Charlie Hunter, professor of biology, discusses the class agenda with his students. Hunter first came to SC in 1967 as an undergraduate. (Samantha Gillis/Collegian photographer)

By Lea Shores
Staff reporter

Faculty at Southwestern can become just as overwhelmed with activities as students. Charles Hunter, professor of biology, is proof of this. “Like students, faculty members take on too much and have difficulty saying no. For me, it’s always been a struggle,” he said.

Hunter came to Southwestern in 1967 as an undergraduate. “My mother eventually thought I’d be a music major. I got into a couple of biology courses my first year here and I just loved them. I’ve always been interested in animals and how they are like us and how they are different.”

After graduation, Hunter went to the University of Oregon to get a masters and PhD in biology. A few years later, Hunter returned to the college to temporarily fill a teaching position.

“That first year I had a young lady in a couple of my classes who was a senior. Her name is Lynn Bales and we got married two years after she graduated,” said Hunter. “I thought at that time I’d be here three or four years and I’d go to a bigger school.”

Though he once or twice applied to teach at other schools, several things kept Hunter in Winfield. “I fell in love with so much. It’s the students and the interaction through teaching that’s acted as a magnet,” he said.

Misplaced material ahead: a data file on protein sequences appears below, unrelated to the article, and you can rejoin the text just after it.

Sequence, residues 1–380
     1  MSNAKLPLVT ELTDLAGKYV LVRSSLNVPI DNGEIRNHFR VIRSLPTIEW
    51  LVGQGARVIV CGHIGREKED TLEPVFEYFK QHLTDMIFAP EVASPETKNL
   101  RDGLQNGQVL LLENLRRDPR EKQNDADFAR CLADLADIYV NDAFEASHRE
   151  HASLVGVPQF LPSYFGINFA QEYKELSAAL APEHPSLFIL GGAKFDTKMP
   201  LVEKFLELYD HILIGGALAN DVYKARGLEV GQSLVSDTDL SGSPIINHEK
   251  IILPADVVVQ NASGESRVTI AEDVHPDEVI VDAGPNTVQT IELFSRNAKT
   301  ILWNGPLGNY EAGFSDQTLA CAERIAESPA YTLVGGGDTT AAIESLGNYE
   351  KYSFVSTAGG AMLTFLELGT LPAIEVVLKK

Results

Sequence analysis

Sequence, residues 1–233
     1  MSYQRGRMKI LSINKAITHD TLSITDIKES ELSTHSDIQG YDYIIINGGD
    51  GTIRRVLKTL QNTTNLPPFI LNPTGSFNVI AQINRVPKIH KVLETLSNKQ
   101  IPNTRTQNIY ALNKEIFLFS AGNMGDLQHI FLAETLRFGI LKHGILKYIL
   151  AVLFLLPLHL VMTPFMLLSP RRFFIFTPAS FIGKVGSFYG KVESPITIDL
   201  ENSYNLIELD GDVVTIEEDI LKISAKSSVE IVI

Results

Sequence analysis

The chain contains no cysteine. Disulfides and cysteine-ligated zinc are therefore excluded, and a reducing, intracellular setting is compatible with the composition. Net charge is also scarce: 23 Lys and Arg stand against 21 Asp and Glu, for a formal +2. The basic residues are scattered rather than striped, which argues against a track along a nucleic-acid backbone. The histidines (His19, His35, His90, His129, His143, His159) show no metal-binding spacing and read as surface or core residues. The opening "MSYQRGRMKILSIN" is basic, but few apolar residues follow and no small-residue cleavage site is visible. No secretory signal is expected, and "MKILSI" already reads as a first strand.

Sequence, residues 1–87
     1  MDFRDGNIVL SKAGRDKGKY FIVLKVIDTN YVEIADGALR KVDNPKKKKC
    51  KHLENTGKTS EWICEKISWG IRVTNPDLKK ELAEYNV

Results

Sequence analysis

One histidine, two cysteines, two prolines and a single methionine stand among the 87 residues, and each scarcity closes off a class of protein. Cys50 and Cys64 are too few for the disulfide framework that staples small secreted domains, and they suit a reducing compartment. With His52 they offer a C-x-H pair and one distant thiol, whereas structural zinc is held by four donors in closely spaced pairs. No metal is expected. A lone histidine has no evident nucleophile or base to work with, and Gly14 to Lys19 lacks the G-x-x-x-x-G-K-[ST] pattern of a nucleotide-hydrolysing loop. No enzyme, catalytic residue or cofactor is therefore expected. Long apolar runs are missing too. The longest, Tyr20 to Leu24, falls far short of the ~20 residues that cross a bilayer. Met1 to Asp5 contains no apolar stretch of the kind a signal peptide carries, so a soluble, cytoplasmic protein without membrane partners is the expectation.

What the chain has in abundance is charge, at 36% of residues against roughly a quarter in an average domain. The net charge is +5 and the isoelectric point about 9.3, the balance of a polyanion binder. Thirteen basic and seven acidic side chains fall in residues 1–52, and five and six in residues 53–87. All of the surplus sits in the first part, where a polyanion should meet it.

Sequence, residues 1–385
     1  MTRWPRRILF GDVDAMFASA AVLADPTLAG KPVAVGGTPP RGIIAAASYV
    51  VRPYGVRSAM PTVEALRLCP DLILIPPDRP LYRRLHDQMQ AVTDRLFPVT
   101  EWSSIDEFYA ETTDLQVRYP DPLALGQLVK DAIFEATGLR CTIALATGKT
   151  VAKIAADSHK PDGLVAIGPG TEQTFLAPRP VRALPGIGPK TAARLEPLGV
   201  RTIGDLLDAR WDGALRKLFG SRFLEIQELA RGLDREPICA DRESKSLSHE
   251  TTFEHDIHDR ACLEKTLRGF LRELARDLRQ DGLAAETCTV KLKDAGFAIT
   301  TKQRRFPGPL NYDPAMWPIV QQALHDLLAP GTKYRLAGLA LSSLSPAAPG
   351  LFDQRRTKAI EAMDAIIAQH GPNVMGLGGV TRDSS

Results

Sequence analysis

His love for biology has inspired many students in their own studies. Jamie Harkness, biology senior, said, “[Hunter] loves to help his students in any way he can. He has made me a better student.”

“I look at myself as someone who tries to open doors for students and makes opportunities available,” said Hunter. “Not all of the students walk through the doors but enough do that it’s been satisfying.”

Hunter’s connection to the University of Oregon has provided opportunities for him to go teach courses during the summer and send students to study in a different environment.

“We used to have a January term and we would take our students all over the place to Florida, Georgia and Oregon. That’s the way you learn biology, to become immersed in it,” said Hunter.

His experiences have given him the tools to be a better teacher in the classroom. “When he is teaching, he goes into depth and uses as many examples as he can,” said Harkness. “He can explain difficult subjects to his students in a way everyone can understand.”

Hunter is just as busy outside the classroom. Even though he never ended up with a degree in music, his talents have not been wasted. Hunter also plays euphonium in the band and sings in the choir at Grace Methodist Church.
The rest of the time is mostly spent outside.

“Lynn and I try to do things together. I live on seven acres north east of the college. I cut my own wood every winter. I raise my own garden in the spring of the years I am here. I love to be outside,” he said.

 Lea Shores is a senior majoring in English. You may e-mail her at